The following studies show contradictory results to the mainstream guidelines, some of which are accompanied with the published peer criticism.
- According to the American Diabetic Association lowering the intake of sodium increases the risk of all-cause and cardiovascular mortality in type 1 and type 2 diabetics and patients with an end-stage renal disease (ESRD). (9, 10)
- A recent survey showed that a lower sodium intake (<2,300mg per day) is related to an increased risk of mortality related to cardiovascular diseases. (11, 12)
- A recent cohort study has shown that a lower intake of sodium is associated with a higher risk of cardiovascular related mortality (13)
However, the study was heavily criticised for its methodological flaws. (14, 15, 16)
One of the criticised methods was that the sodium measurement used excreted urine over 24 hours which is not an accurate measurement (e.g. over 3 days gives more precise results). (17)
- Another study claims that the current mainstream recommendations are associated with an increased risk of cardiovascular related mortality and hospitalisation.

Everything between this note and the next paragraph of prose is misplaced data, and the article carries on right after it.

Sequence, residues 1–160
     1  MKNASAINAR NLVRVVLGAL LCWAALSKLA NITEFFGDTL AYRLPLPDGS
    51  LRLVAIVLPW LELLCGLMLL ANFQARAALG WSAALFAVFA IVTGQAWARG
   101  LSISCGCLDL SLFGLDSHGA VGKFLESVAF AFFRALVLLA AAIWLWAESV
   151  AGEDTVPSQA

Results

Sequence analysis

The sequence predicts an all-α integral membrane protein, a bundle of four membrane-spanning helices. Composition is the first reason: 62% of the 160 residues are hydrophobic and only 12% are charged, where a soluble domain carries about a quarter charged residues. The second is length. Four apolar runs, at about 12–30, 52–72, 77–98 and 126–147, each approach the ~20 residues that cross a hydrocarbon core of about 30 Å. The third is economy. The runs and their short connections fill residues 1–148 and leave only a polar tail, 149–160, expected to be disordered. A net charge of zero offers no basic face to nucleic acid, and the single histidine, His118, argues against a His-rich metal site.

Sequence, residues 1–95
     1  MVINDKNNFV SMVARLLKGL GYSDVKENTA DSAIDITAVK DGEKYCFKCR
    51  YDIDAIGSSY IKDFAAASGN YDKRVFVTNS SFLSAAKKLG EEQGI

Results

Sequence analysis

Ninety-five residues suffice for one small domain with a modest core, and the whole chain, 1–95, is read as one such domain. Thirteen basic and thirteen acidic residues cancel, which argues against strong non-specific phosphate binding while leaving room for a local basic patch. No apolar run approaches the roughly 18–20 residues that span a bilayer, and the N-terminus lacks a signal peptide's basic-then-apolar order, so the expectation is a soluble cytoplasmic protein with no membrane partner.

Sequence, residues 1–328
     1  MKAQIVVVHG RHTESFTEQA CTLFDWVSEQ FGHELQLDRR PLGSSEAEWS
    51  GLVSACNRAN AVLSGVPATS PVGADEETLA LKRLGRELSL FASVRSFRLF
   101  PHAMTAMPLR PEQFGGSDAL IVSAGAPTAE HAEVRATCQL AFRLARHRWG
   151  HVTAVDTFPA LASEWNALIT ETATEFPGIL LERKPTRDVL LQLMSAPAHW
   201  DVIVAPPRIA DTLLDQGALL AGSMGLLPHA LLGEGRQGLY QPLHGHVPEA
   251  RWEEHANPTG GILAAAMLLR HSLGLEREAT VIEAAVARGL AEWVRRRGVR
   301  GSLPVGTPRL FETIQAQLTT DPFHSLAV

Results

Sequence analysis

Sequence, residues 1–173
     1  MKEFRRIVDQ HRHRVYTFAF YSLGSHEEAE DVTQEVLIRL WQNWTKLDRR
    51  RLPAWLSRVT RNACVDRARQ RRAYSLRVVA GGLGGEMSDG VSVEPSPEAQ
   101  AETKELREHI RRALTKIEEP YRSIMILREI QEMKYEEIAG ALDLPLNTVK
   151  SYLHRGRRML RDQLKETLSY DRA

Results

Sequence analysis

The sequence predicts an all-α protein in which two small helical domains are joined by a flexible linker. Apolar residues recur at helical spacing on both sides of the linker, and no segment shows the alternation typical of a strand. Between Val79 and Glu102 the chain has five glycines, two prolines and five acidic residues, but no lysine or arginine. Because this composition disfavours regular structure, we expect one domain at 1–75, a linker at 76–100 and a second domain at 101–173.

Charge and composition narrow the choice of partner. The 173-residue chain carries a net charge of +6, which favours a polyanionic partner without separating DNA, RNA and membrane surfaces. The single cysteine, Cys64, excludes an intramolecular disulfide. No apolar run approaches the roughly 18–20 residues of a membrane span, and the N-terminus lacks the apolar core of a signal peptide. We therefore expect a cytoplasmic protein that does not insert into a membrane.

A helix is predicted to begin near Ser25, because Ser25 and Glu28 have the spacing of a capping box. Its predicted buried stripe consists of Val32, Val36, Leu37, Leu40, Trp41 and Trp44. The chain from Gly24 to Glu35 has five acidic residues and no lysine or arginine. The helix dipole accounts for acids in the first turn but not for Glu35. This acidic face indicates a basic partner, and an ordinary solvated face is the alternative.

The study showed that the risk of death due to cardiovascular complications increases if the sodium excreted via urine is not within the range of 4,000mg and 6,000mg per day.
The excretion of more than 7,000mg of sodium per day showed an increase of risk of death by 1.15 times and the excretion of less than 3,000mg per day showed an increase of 1.27.
Excreted sodium in urine is approximately equivalent to ingested sodium, although there are more precise results if the measurement is done over 72 hours rather than 24 as in the case of this study which was one of the reasons it was criticised by peers. (18, 19)